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Campaign Diaries: Mass Combat in 5e

By Jason Campbell

In the long term 5e campaign I’m GMing set in Monte Cook Games’ Ptolus setting I had the need to run a mass combat, as a barbarian horde approached to invade the city. I had read the Dungeon Masters’ Guide and what people like Mike Shea had written about mass combat. I hadn't read Matt Colville’s Kingdom’s and Warfare but I was familiar with the concepts used. I borrowed some of these ideas, but ended up creating a system specifically for this battle.

The Basics

In this battle the five PCs would have individual battles with the powerful leaders of the horde, while their allied troops fought the invading horde. While the horde was made of similar creatures, the PC’s allies were a mix of all sorts of warriors, from city guards to wizards and dragons. As the allies consisted of ten groups with different attacks and abilities I couldn’t just simplify the battle to d20 rolls for x number of troops. I wanted each group to have different attack options and not have the whole battle come down to a bunch of d20 rolls.

The Philosophy

I wanted a system built around 2 principles:

  1. The success or failure of the PC’s allied troops should be dependent on the success of the PC’s individual battles. I wasn’t looking for realism, just that the players would have an influence over the overall battle.
  2. I didn’t want the players (or me) to be overwhelmed with lots of d20 rolls. I wanted the battle to be fun while playing, not a slog.

Health and Damage for Groups

I ended up creating and sharing with my players a Google sheet with each allied group pitted against a group of 10% of the barbarian horde. Each group, both allies and the invading horde, are measured not by hit points, but by the % of strength. The % of strength represents the number of combatants left based on their original number. A 80% group strength score meant that 20% of the group were killed, wounded or just abandoned the fight.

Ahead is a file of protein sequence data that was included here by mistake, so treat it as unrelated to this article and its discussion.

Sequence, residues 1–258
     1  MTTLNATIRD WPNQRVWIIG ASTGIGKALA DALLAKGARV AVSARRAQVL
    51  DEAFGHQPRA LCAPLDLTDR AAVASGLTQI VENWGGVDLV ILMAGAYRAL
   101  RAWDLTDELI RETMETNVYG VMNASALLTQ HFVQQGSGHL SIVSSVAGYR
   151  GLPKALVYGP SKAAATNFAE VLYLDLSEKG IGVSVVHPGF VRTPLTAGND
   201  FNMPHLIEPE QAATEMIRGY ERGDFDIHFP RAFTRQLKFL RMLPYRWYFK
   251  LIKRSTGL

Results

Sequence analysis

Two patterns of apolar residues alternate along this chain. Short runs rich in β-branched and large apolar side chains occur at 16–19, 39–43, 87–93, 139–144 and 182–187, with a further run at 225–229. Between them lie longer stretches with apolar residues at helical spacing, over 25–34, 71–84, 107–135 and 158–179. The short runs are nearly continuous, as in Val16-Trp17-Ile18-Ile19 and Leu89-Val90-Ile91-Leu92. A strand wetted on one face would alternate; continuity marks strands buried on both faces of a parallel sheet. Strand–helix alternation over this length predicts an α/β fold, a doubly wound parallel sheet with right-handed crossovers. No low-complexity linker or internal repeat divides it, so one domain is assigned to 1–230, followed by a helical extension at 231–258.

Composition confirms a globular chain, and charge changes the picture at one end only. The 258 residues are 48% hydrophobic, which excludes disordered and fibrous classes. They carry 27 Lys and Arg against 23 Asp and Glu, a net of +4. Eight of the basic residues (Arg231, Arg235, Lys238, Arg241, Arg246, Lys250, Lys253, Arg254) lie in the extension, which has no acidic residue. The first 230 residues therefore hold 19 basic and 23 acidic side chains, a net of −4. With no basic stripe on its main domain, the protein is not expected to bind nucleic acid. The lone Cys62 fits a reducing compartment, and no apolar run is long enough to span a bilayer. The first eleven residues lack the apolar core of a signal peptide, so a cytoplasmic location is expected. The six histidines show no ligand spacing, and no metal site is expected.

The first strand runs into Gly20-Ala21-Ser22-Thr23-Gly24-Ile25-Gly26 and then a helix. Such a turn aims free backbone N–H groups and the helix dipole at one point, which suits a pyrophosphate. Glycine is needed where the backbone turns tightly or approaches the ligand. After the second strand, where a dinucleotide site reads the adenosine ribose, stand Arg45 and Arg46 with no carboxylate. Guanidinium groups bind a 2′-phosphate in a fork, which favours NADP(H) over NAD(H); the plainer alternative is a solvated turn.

Individual Combat Round

I estimated that the individual battles of the PCs would likely take 5 rounds at most,so the larger battle should take about the same number of rounds. The battle began with the individual battles of the PCs against the horde leaders using standard 5e initiative. I took notes about each PC’s action and each of their enemy’s actions, assessing whether the PC or the enemy horde leader had a more successful action that round. This would be used later in the group attack rounds.

Group Combat Round

After a round of the individual PC vs. horde leader battle was resolved, we moved on to a round of the group combat. Each player controlled 2 of the allied groups, and each round that player would roll a d20 for each of their groups. A result between 2-15 meant standard damage of -20% of the enemy group, with rolls of 16+ doing additional damage (16=-25%, 17=-30%, 18=-35%, 19=-40%, 20=-50%) and a roll of 1 signified a catastrophic failure such as an earthquake swallowing the group.

For each controlling player, whichever side was more successful in their individual battle would have advantage when they rolled the attacks of the groups they controlled (likewise for the GM rolling for the invading horde groups). 

How Did it Work?

Our game sessions are 2.5 hours each week, and this battle took 2 full sessions. As the PCs were 14th level they had many abilities, including summoning creatures, which lengthened the time of the battle. I asked for feedback after the sessions and the players said they enjoyed both the individual battles and the larger battle. It seemed to hit a good compromise between representing a large scale battle and still being a fun mini game. This may not be the ideal solution for all 5e based mass combats, it just worked for our table. If your group is looking for more realism, you might not agree with some of the concessions I made. Likewise if your table doesn’t enjoy combat you may need additional simplifications. 

What do you think about this system? What have you used for mass combat in RPGs? Let us know in the comments!